Levain Bakery is perhaps most famous for its cookies.  This wee bit of a bakery churns out chunky, hocky-puck-size chocolate walnut, oatmeal raisin, and dark chocolate, chocolate cookies.  But what drew us there was the sourdough roll.  On the outside, the roll appears modest: it is lightly freckled with a crisp crust.  But looks can be deceiving: bite into the roll and you'll discover, tucked into its nooks, melted Valrhona dark chocolate.  Or so we learned on Unique Sweets.  By the time Greg and I arrived at Levain, around noon, the rolls were all sold out.  We were terribly disappointed.  

To appease ourselves, we dug into their sour cream coffee cake.  Unlike a typical sour cream cake with a streusel topping, Levain's version has a pocket of cinnamon-brown sugar swirl, in the shape of a smile, adorning the bottom edge of the cake.  This cake was generously sliced and moist and delicious.  It was bitterly cold out, so Greg and I snagged two seats along the short counter to enjoy the cake.  There was a constant buzz of activity in the bakery, with customers traipsing in, eager smiles on their faces; staff on hand taking orders; and bakers concentrated on their trade, removing trays out of the oven.

There was a constant line out the door, so to make room for others, we soon left to make our way to our fourth stop of the day: Petrossian.  The Petrossian Boutique & Cafe is housed on the ground floor of an ornate terra-cotta clad building in the French Renaissance style.  Inside, the boutique is cheery, with an assortment of jams, breads, pastries, and mini cookies lining the bakery counter.  On the wall directly opposite are Petrossian's signature caviar, smoked fish, and other fine foods (Petrossian also runs a restaurant).  Up the steps towards the back of the store is a small but comfortable seating area where breakfast, light lunches, and tea are served.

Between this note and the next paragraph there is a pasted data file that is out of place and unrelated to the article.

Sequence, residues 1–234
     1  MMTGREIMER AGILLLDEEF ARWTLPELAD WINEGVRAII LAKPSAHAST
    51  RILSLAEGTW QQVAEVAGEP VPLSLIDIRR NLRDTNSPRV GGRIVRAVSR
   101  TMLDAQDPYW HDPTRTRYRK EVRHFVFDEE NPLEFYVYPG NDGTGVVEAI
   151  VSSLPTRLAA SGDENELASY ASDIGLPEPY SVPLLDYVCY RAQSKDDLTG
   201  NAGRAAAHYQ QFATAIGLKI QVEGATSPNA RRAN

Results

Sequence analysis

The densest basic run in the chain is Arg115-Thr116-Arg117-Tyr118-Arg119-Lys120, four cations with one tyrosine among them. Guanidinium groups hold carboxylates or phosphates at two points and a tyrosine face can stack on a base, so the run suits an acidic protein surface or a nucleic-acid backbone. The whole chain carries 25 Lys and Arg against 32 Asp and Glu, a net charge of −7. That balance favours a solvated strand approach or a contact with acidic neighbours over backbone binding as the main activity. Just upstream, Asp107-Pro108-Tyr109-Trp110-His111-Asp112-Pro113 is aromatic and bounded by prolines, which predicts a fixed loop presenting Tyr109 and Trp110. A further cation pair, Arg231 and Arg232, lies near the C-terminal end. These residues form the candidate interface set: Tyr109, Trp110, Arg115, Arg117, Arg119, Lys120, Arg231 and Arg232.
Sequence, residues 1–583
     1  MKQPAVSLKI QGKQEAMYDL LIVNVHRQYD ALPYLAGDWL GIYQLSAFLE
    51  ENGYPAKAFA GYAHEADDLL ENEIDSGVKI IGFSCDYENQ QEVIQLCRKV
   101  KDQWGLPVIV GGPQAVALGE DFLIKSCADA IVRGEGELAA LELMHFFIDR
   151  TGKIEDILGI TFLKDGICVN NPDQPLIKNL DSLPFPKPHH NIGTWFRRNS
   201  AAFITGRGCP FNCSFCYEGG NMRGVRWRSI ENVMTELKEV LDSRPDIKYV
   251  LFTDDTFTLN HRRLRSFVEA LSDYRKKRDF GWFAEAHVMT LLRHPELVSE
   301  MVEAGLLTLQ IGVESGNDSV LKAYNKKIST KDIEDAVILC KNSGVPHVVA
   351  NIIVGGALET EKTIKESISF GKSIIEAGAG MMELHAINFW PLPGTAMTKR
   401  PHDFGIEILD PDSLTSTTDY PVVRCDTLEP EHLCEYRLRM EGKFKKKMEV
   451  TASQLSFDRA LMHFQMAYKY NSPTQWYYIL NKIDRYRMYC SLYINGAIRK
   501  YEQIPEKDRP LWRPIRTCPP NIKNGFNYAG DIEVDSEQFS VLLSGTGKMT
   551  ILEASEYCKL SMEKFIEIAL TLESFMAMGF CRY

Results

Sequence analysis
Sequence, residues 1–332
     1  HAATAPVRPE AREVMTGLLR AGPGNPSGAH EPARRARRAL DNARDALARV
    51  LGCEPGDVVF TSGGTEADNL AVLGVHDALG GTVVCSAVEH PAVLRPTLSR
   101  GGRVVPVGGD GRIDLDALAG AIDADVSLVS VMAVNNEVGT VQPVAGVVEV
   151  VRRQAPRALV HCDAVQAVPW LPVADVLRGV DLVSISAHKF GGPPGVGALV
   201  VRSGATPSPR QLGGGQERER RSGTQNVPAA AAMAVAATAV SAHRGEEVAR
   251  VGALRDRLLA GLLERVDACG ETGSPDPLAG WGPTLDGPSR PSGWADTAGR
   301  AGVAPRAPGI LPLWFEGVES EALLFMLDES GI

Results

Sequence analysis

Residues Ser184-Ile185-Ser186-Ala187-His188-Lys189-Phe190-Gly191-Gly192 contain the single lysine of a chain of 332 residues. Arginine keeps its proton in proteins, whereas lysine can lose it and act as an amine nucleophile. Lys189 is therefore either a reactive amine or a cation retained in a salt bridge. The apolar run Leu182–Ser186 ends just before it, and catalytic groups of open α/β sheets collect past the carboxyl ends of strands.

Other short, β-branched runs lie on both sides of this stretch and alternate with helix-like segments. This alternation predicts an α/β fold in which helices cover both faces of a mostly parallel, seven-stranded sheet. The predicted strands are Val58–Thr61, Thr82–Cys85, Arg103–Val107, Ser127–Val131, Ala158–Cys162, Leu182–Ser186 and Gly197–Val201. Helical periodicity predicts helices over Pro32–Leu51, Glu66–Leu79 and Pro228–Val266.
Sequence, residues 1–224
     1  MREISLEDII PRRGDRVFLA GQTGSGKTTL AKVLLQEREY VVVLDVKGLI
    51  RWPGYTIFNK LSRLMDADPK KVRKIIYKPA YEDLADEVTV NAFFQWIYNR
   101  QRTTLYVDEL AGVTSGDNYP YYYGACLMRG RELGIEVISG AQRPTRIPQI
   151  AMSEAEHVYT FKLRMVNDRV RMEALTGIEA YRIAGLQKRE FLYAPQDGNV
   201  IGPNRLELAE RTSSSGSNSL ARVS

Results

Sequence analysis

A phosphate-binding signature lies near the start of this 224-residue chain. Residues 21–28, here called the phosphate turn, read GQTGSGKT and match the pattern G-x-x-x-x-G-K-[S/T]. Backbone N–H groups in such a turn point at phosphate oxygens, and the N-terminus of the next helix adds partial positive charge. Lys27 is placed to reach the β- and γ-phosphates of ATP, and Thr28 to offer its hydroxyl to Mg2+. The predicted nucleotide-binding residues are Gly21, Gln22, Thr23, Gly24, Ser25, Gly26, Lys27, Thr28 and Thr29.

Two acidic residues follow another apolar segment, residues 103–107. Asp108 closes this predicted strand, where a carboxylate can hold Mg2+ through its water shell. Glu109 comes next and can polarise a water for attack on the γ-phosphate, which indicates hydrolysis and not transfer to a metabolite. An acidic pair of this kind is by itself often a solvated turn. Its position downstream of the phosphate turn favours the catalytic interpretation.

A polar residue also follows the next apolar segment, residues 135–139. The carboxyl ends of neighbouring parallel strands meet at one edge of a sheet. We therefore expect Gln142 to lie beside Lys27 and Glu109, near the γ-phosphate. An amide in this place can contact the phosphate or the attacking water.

Greg and I decided we would have tea and a tart and nestled into a table for two.  We ordered the blueberry tart.  Sweet blueberries and a few giant blackberries were packed inside a golden tart shell.  Sandwiched in-between was a thin layer of marzipan filling, gooey and slightly nutty.  Candied orange shavings added a bright, citrus accent.  Each bite was a new revelation.  The depth of flavors was pretty astounding.  But it was the shell -- buttery, flaky, and tender -- that stole the show.

Warmed from the tea, we headed to Francois Payard.  This, we decided, would be our last stop of the day.  It was nearing late afternoon, and we still had to get ready (and leave room in our bellies!) for our celebratory dinner.  Greg had made dinner reservations for us at a restaurant in SoHo.  The legendary pastry chef's bakery has a charming interior, with a chalkboard menu adorning one wall, and on the other wall, tall shelves displaying packaged macarons, jams, and cookies, and even an antique stand mixer.  

We shared Le Gateau Roule, or the sponge cake roll.  Alternating layers of chocolate cake, raspberry preserve, and smooth chocolate cream were rolled to form a decadently moist roule.  The outermost layer was a dark chocolate ganache, imparting a silky sheen and intensely rich flavor to the roll.  Crunchy chocolate meringue rolls dotted the top of the roll.  It was exquisite.  We were sad to leave.